The Dupage County Health Department announced on March 4, 2010 that it "is investigating the cause of a cluster of gastrointestinal illnesses primarily among customers of a Subway restaurant located at 1009 E. Roosevelt Road in Lombard. Restaurant ownership and corporate representatives have been cooperating with health officials, and the Lombard restaurant has been closed pending further results of the investigation.

We have been contacted by ten families that are likely victims of the outbreak.  We will file suit tomorrow on behalf of a young boy who ate a shigella-contaminated sandwich at the restaurant in late February and suffered a severe gastrointestinal illness as a result.  Fortunately the is recovering, but he has a ways to go. 

Many of the people we have spoken with have done what most ordinary Americans would do when suffering from a severe case of foodpoisoning, a primary symptom of which is, of course, diarrhea:  they went to the drugstore, or more likely had a friend or family member go for them, and purchased either Imodium or Lomotil in an attempt to get the diarrhea to stop.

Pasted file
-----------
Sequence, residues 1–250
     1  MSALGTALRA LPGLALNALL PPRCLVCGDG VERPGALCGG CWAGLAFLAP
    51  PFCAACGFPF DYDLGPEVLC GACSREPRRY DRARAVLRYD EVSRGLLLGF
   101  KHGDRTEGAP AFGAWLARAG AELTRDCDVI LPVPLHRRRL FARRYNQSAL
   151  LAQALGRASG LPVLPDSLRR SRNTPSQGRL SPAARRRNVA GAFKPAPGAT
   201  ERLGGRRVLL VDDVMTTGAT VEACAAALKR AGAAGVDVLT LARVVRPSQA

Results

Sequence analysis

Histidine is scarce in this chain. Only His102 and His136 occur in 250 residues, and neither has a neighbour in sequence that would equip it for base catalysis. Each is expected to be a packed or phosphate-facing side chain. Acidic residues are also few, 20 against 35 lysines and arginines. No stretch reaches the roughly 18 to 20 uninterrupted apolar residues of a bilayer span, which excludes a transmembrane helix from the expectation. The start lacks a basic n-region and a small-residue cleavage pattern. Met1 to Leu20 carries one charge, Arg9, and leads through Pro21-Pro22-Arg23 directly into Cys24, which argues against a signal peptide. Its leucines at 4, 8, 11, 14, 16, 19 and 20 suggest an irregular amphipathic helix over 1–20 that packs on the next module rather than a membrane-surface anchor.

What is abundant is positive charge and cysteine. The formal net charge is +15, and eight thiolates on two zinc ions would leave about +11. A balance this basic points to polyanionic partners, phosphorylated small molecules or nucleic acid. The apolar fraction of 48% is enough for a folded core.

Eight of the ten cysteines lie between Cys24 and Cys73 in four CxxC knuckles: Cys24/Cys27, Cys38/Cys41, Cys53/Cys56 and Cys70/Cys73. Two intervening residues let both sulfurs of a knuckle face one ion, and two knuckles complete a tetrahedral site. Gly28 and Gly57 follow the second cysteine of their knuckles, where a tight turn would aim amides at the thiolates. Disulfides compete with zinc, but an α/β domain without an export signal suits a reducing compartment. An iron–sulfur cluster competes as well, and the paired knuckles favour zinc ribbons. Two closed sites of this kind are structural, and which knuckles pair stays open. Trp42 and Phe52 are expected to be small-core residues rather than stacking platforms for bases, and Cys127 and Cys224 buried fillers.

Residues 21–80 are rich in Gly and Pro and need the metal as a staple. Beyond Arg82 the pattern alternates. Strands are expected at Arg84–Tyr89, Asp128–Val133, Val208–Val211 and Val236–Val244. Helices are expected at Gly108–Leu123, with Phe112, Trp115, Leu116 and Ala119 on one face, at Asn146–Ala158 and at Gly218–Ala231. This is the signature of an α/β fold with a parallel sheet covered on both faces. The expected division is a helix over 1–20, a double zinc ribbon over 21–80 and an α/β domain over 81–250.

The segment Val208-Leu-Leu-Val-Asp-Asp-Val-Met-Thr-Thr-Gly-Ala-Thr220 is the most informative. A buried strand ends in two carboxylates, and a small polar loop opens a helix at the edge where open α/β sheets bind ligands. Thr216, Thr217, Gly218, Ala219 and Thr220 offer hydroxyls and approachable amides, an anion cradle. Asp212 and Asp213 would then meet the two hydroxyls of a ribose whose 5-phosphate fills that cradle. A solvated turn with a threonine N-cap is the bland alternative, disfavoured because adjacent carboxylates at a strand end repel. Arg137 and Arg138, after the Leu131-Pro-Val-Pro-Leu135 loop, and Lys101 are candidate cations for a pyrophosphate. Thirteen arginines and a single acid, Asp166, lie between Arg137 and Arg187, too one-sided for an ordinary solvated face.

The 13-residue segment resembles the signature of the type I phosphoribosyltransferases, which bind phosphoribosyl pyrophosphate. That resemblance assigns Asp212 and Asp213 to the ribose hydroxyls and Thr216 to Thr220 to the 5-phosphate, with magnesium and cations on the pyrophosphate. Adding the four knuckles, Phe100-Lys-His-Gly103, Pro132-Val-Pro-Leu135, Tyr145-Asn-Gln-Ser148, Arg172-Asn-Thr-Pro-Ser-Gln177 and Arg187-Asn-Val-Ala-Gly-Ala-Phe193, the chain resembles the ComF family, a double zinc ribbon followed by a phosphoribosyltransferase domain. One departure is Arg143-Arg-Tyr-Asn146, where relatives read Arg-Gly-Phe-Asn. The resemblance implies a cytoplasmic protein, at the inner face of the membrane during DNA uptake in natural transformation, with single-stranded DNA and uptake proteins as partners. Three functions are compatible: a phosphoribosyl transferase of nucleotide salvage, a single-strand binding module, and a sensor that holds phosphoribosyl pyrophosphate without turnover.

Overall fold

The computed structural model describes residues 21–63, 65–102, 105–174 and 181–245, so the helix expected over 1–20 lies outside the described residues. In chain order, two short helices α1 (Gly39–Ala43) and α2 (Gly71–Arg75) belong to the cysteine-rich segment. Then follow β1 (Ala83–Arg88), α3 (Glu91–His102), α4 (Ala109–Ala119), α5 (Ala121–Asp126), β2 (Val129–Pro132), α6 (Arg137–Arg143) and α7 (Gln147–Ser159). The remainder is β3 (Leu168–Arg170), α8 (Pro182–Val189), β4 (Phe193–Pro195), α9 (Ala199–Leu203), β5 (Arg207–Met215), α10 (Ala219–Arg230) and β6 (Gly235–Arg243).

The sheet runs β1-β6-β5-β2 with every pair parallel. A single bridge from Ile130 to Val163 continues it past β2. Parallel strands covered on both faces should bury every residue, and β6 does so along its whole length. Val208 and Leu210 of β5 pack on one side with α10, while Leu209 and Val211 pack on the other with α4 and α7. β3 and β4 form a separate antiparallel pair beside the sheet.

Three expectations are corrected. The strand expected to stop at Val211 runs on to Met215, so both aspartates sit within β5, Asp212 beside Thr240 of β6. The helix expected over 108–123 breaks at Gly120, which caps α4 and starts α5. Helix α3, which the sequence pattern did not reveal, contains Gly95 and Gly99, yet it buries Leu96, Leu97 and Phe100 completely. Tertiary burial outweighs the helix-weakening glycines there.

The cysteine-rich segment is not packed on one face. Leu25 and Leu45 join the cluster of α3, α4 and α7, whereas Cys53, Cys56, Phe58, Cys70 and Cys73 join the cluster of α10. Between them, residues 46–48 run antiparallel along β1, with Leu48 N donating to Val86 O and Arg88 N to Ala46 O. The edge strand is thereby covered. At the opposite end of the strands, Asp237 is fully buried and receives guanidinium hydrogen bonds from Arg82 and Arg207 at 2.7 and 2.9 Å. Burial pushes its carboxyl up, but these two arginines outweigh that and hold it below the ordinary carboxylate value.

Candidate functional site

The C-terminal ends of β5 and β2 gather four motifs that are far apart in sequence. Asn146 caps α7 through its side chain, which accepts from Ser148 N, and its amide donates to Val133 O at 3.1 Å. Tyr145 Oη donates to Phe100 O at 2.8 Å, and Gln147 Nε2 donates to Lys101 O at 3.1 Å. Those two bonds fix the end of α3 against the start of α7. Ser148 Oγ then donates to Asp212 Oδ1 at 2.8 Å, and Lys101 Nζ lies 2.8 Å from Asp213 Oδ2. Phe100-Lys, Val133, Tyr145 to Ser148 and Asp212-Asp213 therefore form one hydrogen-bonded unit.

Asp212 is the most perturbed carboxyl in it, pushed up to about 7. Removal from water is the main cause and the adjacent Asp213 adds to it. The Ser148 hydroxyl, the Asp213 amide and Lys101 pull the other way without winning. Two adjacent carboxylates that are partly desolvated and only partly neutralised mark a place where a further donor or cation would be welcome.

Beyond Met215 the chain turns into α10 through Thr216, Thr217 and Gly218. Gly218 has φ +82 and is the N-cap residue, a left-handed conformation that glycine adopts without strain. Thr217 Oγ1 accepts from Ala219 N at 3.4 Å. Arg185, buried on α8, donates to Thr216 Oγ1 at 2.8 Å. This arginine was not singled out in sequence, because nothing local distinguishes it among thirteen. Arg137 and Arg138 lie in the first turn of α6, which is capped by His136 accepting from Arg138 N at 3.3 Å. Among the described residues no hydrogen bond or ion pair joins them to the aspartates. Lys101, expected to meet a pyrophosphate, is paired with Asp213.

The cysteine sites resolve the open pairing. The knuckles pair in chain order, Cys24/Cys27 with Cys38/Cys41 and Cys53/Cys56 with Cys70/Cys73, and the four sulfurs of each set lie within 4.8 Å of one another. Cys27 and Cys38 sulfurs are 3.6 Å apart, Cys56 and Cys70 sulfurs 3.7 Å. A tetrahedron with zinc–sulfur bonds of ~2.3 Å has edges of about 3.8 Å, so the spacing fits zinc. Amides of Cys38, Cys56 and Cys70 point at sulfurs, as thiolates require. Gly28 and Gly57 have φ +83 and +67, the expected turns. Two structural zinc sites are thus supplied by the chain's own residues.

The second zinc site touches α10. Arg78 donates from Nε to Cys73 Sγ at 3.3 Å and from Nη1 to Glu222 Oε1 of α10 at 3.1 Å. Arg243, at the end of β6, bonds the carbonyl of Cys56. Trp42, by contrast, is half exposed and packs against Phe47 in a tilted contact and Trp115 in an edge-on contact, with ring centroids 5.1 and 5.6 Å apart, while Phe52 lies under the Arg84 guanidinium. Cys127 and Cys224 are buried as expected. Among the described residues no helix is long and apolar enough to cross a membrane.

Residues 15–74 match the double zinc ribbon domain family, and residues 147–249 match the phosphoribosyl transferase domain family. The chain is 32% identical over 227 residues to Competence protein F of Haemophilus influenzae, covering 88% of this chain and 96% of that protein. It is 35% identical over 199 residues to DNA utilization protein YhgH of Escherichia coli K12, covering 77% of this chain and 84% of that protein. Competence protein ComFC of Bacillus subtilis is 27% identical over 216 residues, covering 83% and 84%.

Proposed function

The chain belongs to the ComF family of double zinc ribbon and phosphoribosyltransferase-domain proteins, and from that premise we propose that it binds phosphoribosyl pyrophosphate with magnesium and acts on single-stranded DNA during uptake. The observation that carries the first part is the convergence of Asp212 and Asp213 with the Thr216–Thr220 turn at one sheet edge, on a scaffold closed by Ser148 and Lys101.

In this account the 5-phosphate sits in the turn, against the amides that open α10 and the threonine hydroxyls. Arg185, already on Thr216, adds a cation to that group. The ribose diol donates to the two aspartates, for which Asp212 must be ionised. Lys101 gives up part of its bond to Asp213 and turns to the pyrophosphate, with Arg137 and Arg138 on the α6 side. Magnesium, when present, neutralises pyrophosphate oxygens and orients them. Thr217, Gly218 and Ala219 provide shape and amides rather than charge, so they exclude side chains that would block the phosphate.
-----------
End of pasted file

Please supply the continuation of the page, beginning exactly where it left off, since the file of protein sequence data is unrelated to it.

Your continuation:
We are JD’s not MD’s, but many physicians will strongly discourage the use of these over-the-counter drugs while ill with a case of foodpoisoning, or virtually any kind of infectious diarrhea.  In fact, also in its March 4 press release, the Dupage County Health Department stated:

Persons who exhibit any of the symptoms of shigellosis are advised to contact their physician to arrange for appropriate testing and treatment, as indicated. Before using antidiarrheal agents such as loperamide (Imodium®) or diphenoxylate with atropine (Lomotil®), contact your physician, since antidiarrheal agents can prolong illness in persons with shigellosis, and should be avoided.

The reason is that drugs that are designed to prevent diarrhea actually inhibit the passage of disease-causing bacteria in stool.  This is one of the body’s many natural defense responses to things (e.g. bacteria, viruses, parasites, etc.) that it recognizes as foreign.  It is thus a necessary, though uncomfortable, process.  The best advice, as the Dupage County Health Department notes, is to talk to your doctor.